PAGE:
Sajama Flora, Bolivian Wildlife & Nature, Part 2

Posted by on Mar 1, 2013 in Bolivia, Countries | 2 comments

Why should people visit the national park at Sajama? What kind of landscapes, vegetation, animals, and climate will you find in Sajama? Here is an overview of this fabulous place that is really worth visiting.


Sajama from the Mirador

  • The climate

The climate in Sajama is warm during the day and freezing during the night. We were there on January (which is summer) and the temperature varied from -5C (23F) during the night to 20C (68F) during the day. The weather is very dry.

  • The landscape

Sajama’s mountains

Sajama is in the mountains, surrounded by volcanoes. Nevado Sajama is the highest mountain in Bolivia, so the landscape is terrific! Plus, with the weather changing during the day, you have different lighting and can take 1000 different photos of the same spot.


The laguna

Down the mountains there’s a river, and some thermals hot springs where you can swim. To go there, you will have to walk at least two hours and then take a left. There are several hot springs, the first of which is indicated from the main road. For this one, you will have to pay 30BoB each. There is a hotel there, and you can stay for 50BoB/person, but you will have to walk with your bags at least 2.5 km (almost 2 miles), as there is no road for the car. There are other hot springs for free farther along the main road. For these, you will also have to leave the main road on your left and walk until the river, and then follow the river until the springs.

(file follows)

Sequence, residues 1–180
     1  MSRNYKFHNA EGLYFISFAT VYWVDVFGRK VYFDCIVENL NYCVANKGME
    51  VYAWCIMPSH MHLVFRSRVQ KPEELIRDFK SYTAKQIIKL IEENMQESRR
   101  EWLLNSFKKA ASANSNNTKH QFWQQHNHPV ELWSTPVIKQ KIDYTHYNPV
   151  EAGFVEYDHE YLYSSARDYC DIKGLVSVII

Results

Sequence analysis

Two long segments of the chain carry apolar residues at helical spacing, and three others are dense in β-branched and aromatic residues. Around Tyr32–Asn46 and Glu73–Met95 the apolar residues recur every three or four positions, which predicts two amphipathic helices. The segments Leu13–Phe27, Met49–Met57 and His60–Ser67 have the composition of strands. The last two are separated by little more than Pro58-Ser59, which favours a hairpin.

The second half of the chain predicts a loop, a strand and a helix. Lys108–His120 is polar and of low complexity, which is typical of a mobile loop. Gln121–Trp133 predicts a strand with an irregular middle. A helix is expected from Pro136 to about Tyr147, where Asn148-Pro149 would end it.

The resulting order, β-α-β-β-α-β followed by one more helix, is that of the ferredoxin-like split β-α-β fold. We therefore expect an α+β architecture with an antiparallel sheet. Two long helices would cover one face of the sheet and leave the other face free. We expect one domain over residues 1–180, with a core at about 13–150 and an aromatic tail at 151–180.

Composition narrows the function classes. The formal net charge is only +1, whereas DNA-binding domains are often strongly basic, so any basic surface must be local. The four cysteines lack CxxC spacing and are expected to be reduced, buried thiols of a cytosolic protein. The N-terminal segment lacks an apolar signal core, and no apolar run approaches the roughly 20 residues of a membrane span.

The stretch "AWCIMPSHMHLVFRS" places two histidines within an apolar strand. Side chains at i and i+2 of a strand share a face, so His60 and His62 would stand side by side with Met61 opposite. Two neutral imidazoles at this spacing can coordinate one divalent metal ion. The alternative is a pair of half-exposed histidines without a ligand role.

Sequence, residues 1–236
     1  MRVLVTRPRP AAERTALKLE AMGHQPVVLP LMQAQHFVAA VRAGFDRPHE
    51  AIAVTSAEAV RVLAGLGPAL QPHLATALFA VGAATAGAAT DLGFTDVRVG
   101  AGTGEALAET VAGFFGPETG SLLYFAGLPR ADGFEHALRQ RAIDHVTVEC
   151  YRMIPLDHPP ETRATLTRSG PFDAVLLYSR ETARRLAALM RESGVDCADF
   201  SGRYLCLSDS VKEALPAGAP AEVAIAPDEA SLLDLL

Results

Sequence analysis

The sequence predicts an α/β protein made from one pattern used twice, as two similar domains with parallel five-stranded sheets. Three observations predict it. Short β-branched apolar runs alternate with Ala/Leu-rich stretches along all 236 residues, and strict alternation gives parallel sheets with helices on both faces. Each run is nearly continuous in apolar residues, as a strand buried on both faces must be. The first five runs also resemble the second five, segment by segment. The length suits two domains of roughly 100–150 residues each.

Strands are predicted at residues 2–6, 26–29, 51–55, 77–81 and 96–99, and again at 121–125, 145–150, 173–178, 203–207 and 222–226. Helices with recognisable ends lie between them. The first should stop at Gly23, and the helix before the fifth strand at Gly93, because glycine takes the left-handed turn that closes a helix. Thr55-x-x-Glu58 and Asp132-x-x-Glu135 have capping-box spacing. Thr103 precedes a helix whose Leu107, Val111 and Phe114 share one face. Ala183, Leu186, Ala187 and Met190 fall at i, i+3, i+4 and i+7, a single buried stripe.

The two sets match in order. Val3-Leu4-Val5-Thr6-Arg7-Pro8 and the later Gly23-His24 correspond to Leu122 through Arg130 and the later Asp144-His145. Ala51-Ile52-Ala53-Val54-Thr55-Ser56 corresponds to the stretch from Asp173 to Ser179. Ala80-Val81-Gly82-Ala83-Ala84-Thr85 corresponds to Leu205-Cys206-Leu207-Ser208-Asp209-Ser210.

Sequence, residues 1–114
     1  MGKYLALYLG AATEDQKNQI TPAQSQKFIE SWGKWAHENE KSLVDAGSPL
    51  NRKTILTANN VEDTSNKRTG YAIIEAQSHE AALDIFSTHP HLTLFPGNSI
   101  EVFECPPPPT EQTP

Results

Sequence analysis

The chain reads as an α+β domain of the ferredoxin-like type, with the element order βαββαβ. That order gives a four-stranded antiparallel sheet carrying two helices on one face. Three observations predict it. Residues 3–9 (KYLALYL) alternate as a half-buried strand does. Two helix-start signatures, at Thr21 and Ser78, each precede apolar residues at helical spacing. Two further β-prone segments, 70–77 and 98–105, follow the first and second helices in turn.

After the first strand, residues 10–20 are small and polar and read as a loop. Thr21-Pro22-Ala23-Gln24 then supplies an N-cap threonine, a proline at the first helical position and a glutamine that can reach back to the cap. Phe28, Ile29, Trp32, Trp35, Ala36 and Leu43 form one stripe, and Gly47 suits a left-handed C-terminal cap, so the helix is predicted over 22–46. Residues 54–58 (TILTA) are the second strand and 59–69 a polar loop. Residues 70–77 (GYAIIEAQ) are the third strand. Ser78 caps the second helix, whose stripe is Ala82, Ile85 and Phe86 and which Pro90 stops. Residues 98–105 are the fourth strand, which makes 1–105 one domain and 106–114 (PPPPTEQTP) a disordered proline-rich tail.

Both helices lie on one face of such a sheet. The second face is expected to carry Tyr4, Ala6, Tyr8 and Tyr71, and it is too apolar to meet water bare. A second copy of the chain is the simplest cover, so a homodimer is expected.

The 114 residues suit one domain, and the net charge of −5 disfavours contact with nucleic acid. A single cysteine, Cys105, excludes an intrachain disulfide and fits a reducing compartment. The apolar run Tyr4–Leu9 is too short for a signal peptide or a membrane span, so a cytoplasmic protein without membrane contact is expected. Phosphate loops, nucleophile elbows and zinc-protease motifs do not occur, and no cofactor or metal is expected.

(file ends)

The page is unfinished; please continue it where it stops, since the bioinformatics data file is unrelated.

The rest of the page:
The free hot springs

You will find geysers as well.

  • The vegetation

There is not much vegetation in Sajama—only four or five different kinds of plants and small trees.




The “Brava”—what the llamas eat


Small tree


Near the hot springs


Near the river


  1. Wow. These pictures left me speechless. The sky is just incredible, so much like Lhasa – the capital city of Tibet. 🙂
    Agness recently posted…Is Lonely Planet Killing Travel Blogs?My Profile

    • Thanks Agness, we hope we can make it to Tibet too 🙂

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